TREASURIES-Yields rise as Fed pullback seen on track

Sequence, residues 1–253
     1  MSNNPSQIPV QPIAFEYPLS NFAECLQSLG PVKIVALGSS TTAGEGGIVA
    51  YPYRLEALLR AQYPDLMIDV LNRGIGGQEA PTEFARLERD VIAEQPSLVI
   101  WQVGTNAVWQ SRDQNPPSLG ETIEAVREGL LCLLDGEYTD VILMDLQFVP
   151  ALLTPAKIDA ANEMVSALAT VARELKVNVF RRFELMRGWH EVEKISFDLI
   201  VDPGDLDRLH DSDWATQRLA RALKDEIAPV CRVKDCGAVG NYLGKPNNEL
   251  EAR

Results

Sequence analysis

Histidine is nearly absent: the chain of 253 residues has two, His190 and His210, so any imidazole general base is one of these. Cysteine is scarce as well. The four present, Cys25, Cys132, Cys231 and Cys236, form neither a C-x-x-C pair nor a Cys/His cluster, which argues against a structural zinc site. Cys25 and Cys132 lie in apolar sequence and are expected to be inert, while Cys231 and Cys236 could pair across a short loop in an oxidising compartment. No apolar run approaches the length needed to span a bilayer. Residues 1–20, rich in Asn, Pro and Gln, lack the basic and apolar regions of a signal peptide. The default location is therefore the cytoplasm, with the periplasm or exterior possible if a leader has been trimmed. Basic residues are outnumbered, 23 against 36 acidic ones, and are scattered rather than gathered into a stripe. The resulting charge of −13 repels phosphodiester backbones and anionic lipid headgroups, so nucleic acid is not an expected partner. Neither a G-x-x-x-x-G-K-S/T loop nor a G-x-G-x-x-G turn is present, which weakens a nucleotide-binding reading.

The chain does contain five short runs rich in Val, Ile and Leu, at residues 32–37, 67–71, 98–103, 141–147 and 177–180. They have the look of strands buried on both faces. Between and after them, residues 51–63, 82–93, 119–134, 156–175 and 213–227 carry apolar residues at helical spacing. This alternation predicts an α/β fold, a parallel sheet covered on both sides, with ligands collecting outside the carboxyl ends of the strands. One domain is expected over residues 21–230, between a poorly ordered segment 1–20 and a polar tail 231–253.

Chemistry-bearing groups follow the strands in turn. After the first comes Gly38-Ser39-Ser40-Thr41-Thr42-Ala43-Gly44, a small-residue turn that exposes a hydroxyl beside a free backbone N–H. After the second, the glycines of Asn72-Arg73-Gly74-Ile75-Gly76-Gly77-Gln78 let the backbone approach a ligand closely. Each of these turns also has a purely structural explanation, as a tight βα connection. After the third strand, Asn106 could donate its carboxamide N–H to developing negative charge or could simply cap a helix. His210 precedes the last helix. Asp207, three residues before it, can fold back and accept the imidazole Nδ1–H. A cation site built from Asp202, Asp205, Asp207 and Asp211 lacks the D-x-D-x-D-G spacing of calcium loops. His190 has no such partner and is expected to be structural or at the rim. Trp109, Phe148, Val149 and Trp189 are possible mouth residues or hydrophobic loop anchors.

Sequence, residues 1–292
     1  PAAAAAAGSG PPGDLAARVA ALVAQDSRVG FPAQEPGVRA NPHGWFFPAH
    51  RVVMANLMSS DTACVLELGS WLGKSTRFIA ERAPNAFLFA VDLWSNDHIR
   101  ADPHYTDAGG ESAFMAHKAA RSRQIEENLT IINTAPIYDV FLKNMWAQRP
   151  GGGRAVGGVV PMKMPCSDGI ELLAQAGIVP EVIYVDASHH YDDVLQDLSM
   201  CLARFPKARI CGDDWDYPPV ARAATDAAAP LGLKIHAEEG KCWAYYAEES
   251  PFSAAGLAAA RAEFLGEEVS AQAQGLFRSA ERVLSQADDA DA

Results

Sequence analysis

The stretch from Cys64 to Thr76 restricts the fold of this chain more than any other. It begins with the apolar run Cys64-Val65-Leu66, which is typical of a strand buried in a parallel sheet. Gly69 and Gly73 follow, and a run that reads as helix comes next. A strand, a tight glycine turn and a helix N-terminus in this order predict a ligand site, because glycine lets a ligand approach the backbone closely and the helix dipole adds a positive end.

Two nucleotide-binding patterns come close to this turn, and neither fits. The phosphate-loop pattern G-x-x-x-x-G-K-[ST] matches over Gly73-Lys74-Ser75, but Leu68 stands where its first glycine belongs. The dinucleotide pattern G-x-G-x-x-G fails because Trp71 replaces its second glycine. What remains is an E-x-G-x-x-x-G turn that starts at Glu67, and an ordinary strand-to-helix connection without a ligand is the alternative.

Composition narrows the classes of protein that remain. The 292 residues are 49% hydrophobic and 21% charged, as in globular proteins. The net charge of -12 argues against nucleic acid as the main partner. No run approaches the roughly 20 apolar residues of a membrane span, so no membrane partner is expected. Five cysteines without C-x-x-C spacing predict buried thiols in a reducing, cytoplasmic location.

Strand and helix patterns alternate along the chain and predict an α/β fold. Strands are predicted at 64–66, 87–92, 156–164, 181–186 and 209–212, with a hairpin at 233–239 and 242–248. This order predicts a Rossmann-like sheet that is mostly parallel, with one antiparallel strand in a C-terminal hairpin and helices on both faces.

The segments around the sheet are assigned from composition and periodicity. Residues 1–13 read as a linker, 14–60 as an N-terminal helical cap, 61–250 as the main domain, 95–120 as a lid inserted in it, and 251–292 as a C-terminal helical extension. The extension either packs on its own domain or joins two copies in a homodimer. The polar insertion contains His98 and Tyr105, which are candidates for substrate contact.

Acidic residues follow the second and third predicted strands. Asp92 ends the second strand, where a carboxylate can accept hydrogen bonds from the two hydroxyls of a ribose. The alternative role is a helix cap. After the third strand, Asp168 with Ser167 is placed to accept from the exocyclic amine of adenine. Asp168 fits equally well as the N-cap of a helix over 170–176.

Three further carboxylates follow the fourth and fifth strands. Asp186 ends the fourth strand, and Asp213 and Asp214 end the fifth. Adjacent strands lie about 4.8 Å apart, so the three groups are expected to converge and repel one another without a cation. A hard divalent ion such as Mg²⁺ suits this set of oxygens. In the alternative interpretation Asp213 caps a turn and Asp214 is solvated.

* Yields increase, Fed seen likely to pare bond purchases soon * Fed meeting minutes offer few new clues over timing * Fed to buy $1.25 bln - $1.75 bln debt due 2036-43 on Thursday By Karen Brettell NEW YORK, Aug 21 (Reuters) - U.S. Treasuries yields rose on Wednesday after the Federal Reserve released minutes of its July meeting, which offered few new clues on when the central bank is likely to pare back its bond purchase program but maintained expectations it is likely to occur soon. A few Federal Reserve officials last month thought it would soon be time to slow the pace of the bond buying "somewhat," but others counseled patience, according to the meeting minutes. Worries the Fed could soon slow its massive bond-buying program have sent 10-year yields soaring by more than full percentage point since the beginning of May, with yields holding just under two-year highs on Wednesday. "I think this sets them up for tapering to begin sooner rather than later," said Sam Diedrich, a portfolio manager at for Pacific Alternative Asset Management Company (PAAMCO) in Irving, California. "Growth has been moderate and modest, not exceeding expectations but still showing a lot of resilience to some of the government fiscal headwinds that were felt in the first half of the year." Benchmark 10-year notes dipped 8/32 in price to yield 2.86 percent, up from 2.82 percent late on Tuesday. They rose to two-year highs of 2.90 percent on Monday. Thirty-year bonds slipped 17/32 in price to yield 3.88 percent, up from 3.82 percent late on Tuesday. They got as high as 3.914 percent on Monday. A Reuters poll showed last Wednesday that a majority of economists expect the Fed to reduce bond purchases at its Sept. 17-18 policy meeting, with a consensus expecting the U.S. central bank would reduce purchases by $15 billion initially. The Fed will purchase between $1.25 billion and $1.75 billion in bonds due from 2036 to 2043 on Thursday as part of its ongoing purchase program. U.S. bond investors have been moving to the sidelines on concerns over what impact a reduction in Fed purchases will have on the market, while some investors are also being forced to sell after getting caught in wrongway trades that were meant to benefit from a reduction in yields. Yields fell before the release of the minutes as some investors expected that some Fed officials might have voiced more concerns about paring the Fed's $85 billion-a-month purchase program in the near term. "The market was leaning dovish. Everyone was hoping the minutes to be very dovish and there would be more expansion about the Fed's concerns about inflation but you didn't really get that," said Mary Beth Fisher, head of U.S. interest rate strategy at Societe Generale in New York. U.S. economic growth has continued to show resilience in recent weeks, despite fears that rising yields may weigh on mortgage borrowing and harm the housing recovery. On Wednesday, data showed U.S. home resales rose in July to their highest level in over three years, suggesting a sharp increase in mortgage rates is having only a limited impact on the housing market's recovery. "Rising rates will ding sales the next couple of months, but it will not derail the housing recovery," said Ryan Sweet, senior economist with Moody's Analytics in West Chester, Pennsylvania. If growth remains on track many expect bond yields will continue to increase. "I think you are going to see a prolonged period where rates gradually move higher and I think it will happen in fits and starts," said PAAMCO's Diedrich. "I think you will see some sharp moves up, followed by weak recoveries, so I think there's going to be higher volatility in rates." At the same time, others saw much of the selloff in bonds as having perhaps exhausted itself in the near term, after a dramatic rise in which 10-year yields have climbed from 1.60 percent at the beginning of May. "I would think that at least 80 percent of the selloff is behind us, and you can even make the case that we've overshot fair value. But at the same time, it's difficult to handicap the degree of herd mentality out there and how far that could push the market," said Robert Tipp, chief investment strategist at Prudential Fixed Income in Newark, New Jersey. The Fed will hold its annual policy conference in Jackson Hole, Wyoming, on Thursday and Friday, but Chairman Ben Bernanke will not be attending, unlike in previous years. Traders are speculating over who will take over from Bernanke, with President Barack Obama expected to announce his decision in the fall. Fed Vice Chairman Janet Yellen and former Treasury Secretary Lawrence Summers are considered the front-runners. Traders are also watching for further signs of weakness in emerging markets, which have been roiled in recent days on concerns over the Fed pullback. The rout in emerging markets gathered pace on Wednesday, extending to the Turkish lira, which, with India's rupee, hit record lows in a selloff prompted by the expected tailing off of extraordinary U.S. money printing.
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